Rhinitis

Allergic rhinitis is a non-infective inflammatory condition of the Nose and Para nasal sinuses. The symptoms usually start after an exposure to a triggering factor (allergen). They can be intermittent or persistent. Some common Allergens are

Symptoms

The common symptoms of rhinitis include:

  • Running nose
  • Blockage of nose
  • Itching and excessive sneezing
  • Watering and itching of eyes
  • Itching of the throat

Causes

The common causes of rhinitis include:

  • Pollen of grass, weeds and trees
  • House dust mite
  • Animal dander
  • Cockroaches
  • Air pollutants

Risk factors

The risk factors that can lead to rhinitis include:

  • Genetic component: There is an established risk factor between allergic rhinitis and family history of allergy
  • Environment: It is more prevalent in developed countries. The prevalence is increasing with urbanization. Many possible factors are lifestyle changes, increased exposure to allergen, pollution, and dietary modifications such as increased junk food causing reduced protective nutrients, stress and even good hygiene.

Complications

Allergic rhinitis can predispose a person to develop Asthma, sinusitis, middle ear infections, sleep disorders and lower respiratory tract infections. Allergic rhinitis is a risk factor for development of subsequent asthma and is a frequent cause of exacerbations of asthma.

Diagnosis

Allergic rhinitis is diagnosed by a combination of history, examination and lab tests such as:

  • Presence of increased eosinophil cells in blood. Eosinophils are a type of white blood cells, which increase in number in patients with allergy.
  • Nasal smear is examined for eosinophil cells which are usually increased in patients with allergic rhinitis.
  • Skin prick test: In this test, a standardized allergen extract is introduced in to the skin of the forearm and observed for formation of wheal and flare after 15 mins. Reactions greater than 3 mm are regarded positive. Patient should not take any antihistamines 2 days prior to skin prick test. Skin prick tests are simple, cheap and safe. Systemic reactions are very rare. A batch of allergens can be tested in the same sitting.
  • Blood tests for allergens include Radio allegro sorbent test (RAST) or by fluorescent assay ELISA.
  • Nasal allergen challenge: Allergen is introduced into the nose and any reaction is measured and compared to placebo. This is the gold standard for allergy diagnosis. Nasal challenge test is time consuming, difficult and requires extensive laboratory facilities.

Treatment

The various conservative measures may include:

Avoidance of allergen: Identifying the allergens and avoiding them is the best method. Major indoor allergens include house dust mite, domestic pets, cockroach and molds. Seasonal rhinitis results from exposure to pollens. Some measures for avoidance are using allergen proof fabric for mattress, pillow covers, hot wash of bedding at 550 C, removing objects that accumulate dust, treating carpets with acaricide, avoiding contact with cats, if not possible, washing them regularly and keeping them out of bedroom. For pollens, using car windows with pollen filters and avoiding grassy open spaces helps.

Pharmacotherapy (drug treatment):

Antihistamines: These rapidly relieve the running nose, itching and sneezing. Some older drugs may cause sedation and learning impairment temporarily. Some commonly used antihistamines are diphenhydramine, ebastine, loratidine, cetrizine, fexofenadine, levocetrizine, desloratidine and azelastine. Some antihistamines may cause cardiac arrhythmias and to be avoided by such patients.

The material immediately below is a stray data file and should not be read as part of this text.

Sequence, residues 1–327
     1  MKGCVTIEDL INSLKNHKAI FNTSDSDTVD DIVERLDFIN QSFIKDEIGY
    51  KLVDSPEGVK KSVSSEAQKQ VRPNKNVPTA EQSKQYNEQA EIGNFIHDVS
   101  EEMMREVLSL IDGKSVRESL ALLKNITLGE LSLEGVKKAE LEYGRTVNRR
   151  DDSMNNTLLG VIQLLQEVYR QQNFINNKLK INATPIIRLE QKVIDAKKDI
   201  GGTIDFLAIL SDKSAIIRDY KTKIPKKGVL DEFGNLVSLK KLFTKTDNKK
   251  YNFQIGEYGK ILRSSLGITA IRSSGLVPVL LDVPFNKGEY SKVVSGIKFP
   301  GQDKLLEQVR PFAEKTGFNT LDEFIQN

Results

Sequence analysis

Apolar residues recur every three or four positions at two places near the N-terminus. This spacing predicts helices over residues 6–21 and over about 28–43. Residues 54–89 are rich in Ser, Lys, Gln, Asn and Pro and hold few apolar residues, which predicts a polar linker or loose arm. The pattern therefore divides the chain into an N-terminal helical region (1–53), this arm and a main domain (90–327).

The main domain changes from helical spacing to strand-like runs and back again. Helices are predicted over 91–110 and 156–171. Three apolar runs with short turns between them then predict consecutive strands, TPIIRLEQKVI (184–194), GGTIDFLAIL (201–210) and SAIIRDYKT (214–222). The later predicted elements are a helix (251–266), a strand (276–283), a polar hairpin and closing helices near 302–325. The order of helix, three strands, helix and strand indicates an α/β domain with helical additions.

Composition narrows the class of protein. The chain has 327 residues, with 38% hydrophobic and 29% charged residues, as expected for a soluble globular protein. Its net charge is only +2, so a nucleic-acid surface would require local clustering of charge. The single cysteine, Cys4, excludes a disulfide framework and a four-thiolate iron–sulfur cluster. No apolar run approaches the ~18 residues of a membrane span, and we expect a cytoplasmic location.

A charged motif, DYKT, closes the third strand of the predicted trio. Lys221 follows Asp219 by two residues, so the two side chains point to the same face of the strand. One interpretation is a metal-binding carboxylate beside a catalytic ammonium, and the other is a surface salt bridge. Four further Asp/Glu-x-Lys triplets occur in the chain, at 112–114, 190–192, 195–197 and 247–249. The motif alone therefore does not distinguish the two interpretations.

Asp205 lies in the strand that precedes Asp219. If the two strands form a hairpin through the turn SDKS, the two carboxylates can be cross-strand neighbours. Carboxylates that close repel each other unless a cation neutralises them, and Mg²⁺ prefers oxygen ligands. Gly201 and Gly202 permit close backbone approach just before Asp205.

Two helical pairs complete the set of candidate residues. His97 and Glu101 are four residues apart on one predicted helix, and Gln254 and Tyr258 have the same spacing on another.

Topical steroids: These are the most effective treatment for allergic rhinitis. Regular treatment is necessary as the onset of action is slow and maximum effect occurs after several days. Nasal steroid reduce inflammation, eye symptoms and improve the sense of smell. They reduce the risk of asthma exacerbations. Side effects are nasal bleeding and minor irritation.

Mast cell stabilizers: They prevent the release of histamine, which is a mediator responsible for allergic symptoms.

Decongestants: Decongestant nasal drops/sprays: They reduce nasal obstruction, but prolonged use can cause a condition called Rhinitis Medicamentosa where there is excessive nasal obstruction and loss of response to the drug. Systemic decongestants reduce nasal obstruction. They have the side effects of sleeplessness and increased blood pressure.

Systemic corticosteroids: For very severe symptoms, oral steroid tablets can be used. Regular use is associated with significant systemic side effects.

Immunotherapy

Allergen immunotherapy involves repeated administration of an allergen extract in order to induce a state of immunological tolerance. This reduces clinical symptoms and also the requirements for medication during subsequent natural allergen exposure. It is indicated for patients with severe allergic rhinitis who fail to respond adequately to drug therapy. Immunotherapy offers the potential for long-term disease modification and prophylaxis.

Side effects of immunotherap

Local reactions are minimal. Systemic reactions occur in 10% of people, which include symptoms like mild asthma and itching. Rarely severe reactions like anaphylaxis and generalized body itching occur. In view of the systemic side effects, it is done only in specialist centers.

Surgery has a very limited role in treatment of rhinitis. Submucous diathermy and surface cautery of the inferior turbinate bone of the nose are the procedures practiced in some centers to relieve nasal obstruction and discharge.